A recent survey published in the journal Pediatrics concludes that children under the age of 6 experience frequent medication mistakes every 8 minutes.
The study was conducted using data from the National Poison Database System. This database is produced using 55 U.S. poison control hotlines. With tens of thousands of errors registered between 2002 and 2012, the study shows an ugly and ambiguous side of the medical act.
As Hillary Spiller, the author of the study says in an interview, the error concerned non-threatening events. Nonetheless, there were more than 200,000 children involved annually, with 25 children who died during the 11 years period as a result of medication errors.
Due to the possibility of using homeopathic and dietary supplements without clear prescription, their misuse was one of the most increased, 765 percent in the ten year period. Medication errors related to coughs and colds decreased from the mid 2000’s. However, errors related to cardiovascular drugs, muscle relaxants and antihistamines increased in the said period.
There is growing concern for how children receive medication. In 2008, the Food and Drug Administration and the American Academy of Pediatrics issued a recommendation that children under the age of 2 should not use several drugs designed for asthma, colds and coughs.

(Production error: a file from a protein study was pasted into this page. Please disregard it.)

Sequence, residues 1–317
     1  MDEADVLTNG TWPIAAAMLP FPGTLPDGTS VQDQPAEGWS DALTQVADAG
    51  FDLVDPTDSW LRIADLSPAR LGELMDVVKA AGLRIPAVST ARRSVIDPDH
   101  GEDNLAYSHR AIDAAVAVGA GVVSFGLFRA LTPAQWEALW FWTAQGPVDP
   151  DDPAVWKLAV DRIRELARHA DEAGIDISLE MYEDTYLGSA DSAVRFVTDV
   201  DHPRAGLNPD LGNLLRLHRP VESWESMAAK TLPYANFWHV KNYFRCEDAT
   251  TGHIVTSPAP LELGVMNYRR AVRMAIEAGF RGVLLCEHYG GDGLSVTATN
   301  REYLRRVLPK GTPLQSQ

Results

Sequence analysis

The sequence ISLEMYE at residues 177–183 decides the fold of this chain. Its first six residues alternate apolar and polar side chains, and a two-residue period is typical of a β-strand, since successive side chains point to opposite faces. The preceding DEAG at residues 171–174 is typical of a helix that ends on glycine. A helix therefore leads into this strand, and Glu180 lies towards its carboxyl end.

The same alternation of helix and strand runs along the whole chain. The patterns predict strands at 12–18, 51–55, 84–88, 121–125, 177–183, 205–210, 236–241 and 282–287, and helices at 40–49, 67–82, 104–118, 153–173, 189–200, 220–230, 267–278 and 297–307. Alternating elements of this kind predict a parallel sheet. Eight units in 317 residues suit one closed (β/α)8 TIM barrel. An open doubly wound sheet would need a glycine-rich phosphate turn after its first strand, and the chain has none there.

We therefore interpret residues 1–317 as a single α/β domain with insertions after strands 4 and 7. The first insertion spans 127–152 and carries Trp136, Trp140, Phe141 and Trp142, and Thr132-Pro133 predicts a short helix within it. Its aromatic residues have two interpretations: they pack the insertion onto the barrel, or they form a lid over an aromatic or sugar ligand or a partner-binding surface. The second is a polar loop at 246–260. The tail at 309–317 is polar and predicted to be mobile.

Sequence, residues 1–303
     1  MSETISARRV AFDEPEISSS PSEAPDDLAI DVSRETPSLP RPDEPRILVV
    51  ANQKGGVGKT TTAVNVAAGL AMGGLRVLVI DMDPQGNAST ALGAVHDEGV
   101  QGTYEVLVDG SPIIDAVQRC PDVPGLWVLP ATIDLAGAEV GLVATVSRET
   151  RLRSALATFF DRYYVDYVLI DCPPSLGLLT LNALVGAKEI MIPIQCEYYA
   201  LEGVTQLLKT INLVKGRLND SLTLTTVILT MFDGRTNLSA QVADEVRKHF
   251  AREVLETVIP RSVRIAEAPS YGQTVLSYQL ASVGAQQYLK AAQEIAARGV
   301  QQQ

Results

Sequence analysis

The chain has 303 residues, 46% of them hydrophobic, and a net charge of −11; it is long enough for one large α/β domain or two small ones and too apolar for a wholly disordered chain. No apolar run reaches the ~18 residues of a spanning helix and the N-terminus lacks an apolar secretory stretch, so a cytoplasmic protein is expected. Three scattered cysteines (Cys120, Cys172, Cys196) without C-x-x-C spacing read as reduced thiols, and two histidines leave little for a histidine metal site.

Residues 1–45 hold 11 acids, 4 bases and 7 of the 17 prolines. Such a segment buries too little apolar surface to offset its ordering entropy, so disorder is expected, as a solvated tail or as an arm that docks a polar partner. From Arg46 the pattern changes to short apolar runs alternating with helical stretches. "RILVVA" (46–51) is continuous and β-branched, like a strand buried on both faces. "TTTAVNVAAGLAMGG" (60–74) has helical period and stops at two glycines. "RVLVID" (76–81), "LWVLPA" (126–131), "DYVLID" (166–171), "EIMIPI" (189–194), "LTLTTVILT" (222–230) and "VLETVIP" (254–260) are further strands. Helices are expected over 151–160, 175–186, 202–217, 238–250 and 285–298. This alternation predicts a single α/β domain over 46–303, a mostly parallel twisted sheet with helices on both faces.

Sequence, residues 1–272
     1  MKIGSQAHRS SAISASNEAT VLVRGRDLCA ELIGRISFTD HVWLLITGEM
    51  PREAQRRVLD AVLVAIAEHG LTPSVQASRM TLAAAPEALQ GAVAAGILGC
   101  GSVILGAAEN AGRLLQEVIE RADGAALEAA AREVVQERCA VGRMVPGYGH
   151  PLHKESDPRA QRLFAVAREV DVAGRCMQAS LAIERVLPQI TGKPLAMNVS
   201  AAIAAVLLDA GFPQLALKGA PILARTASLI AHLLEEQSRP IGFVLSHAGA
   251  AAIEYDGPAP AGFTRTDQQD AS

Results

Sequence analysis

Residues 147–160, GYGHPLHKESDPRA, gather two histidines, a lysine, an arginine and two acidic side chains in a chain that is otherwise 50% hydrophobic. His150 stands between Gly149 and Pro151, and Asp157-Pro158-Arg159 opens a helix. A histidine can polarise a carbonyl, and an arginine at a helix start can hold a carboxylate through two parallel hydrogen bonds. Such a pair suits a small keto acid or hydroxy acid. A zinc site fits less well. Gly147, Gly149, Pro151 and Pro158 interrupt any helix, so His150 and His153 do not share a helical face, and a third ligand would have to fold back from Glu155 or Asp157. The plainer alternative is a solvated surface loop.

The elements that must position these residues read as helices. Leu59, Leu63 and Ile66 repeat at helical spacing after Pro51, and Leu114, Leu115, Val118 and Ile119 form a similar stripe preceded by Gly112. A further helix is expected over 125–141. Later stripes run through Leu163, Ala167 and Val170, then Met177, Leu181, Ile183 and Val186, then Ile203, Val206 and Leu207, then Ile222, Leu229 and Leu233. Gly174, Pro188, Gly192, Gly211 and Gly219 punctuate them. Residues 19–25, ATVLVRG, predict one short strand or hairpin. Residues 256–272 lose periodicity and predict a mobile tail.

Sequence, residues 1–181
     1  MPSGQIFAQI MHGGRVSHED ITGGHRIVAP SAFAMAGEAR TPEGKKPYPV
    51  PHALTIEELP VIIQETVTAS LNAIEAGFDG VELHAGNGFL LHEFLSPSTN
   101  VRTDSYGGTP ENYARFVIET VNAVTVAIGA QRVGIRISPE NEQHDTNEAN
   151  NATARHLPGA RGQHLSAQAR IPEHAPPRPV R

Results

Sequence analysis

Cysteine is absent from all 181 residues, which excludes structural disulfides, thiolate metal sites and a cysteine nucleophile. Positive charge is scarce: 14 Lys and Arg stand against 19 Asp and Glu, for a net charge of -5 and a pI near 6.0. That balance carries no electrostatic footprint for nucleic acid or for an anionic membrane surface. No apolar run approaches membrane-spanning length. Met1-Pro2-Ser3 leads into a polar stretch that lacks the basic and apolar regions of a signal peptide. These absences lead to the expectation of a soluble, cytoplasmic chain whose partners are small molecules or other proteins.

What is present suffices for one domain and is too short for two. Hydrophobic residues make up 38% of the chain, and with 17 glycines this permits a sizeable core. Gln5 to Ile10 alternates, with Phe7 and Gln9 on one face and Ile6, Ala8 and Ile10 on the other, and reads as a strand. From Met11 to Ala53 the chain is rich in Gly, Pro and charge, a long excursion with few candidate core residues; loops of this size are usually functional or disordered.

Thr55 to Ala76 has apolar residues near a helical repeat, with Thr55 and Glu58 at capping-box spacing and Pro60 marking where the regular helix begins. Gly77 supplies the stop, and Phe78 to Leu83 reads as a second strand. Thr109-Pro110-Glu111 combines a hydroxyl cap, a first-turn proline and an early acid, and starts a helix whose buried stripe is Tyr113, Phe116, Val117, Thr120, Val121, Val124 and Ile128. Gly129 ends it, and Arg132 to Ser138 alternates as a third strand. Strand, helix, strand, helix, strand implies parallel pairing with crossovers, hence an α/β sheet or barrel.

Some of the most frequent medication mistakes included giving the drug twice, the wrong medication or the wrong dose. Those errors are unintended and some of them come from parents mistakenly organizing medication schedules among other household chores. These mistakes can result in overdose for young children, but they can also increase the cost of healthcare through additional corrective measures and can even lead to death.
The study is important due to its focus on medication behaviors at home, a different approach from the traditional studies that are focused on mistakes in medication facilities. As the author points out, care and attention are needed when the decision of dosing the drugs is made. Parents need to really focus on that moment and make the precise measurements in order to avoid frequent medication mistakes.
If necessary, Spiller said, they need to take a moment to pause before entering that moment, in order to avoid distraction. Another recommendation, made by the senior author of the study, Dr. Huiyun Xiang, included the use of smart technology: “Parents and caregivers can do their parts by using smart phone apps to schedule and track medication doses and by using measuring cups provided with liquid medications to give accurate doses”.